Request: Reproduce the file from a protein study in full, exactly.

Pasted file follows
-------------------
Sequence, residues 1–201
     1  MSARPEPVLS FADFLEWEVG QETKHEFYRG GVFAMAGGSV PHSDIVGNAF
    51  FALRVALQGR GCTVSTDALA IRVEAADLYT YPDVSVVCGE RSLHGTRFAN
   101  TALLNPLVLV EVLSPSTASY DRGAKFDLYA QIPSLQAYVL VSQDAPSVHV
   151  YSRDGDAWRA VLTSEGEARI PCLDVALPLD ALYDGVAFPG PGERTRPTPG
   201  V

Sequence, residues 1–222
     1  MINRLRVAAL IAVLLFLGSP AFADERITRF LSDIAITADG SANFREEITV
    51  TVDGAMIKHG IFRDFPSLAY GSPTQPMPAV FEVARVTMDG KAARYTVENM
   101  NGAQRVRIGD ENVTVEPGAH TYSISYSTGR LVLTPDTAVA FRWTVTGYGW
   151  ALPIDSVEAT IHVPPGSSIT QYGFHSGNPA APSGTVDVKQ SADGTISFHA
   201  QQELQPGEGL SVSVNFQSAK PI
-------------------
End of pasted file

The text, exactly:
Sequence, residues 1–201
     1  MSARPEPVLS FADFLEWEVG QETKHEFYRG GVFAMAGGSV PHSDIVGNAF
    51  FALRVALQGR GCTVSTDALA IRVEAADLYT YPDVSVVCGE RSLHGTRFAN
   101  TALLNPLVLV EVLSPSTASY DRGAKFDLYA QIPSLQAYVL VSQDAPSVHV
   151  YSRDGDAWRA VLTSEGEARI PCLDVALPLD ALYDGVAFPG PGERTRPTPG
   201  V

Sequence, residues 1–222
     1  MINRLRVAAL IAVLLFLGSP AFADERITRF LSDIAITADG SANFREEITV
    51  TVDGAMIKHG IFRDFPSLAY GSPTQPMPAV FEVARVTMDG KAARYTVENM
   101  NGAQRVRIGD ENVTVEPGAH TYSISYSTGR LVLTPDTAVA FRWTVTGYGW
   151  ALPIDSVEAT IHVPPGSSIT QYGFHSGNPA APSGTVDVKQ SADGTISFHA
   201  QQELQPGEGL SVSVNFQSAK PI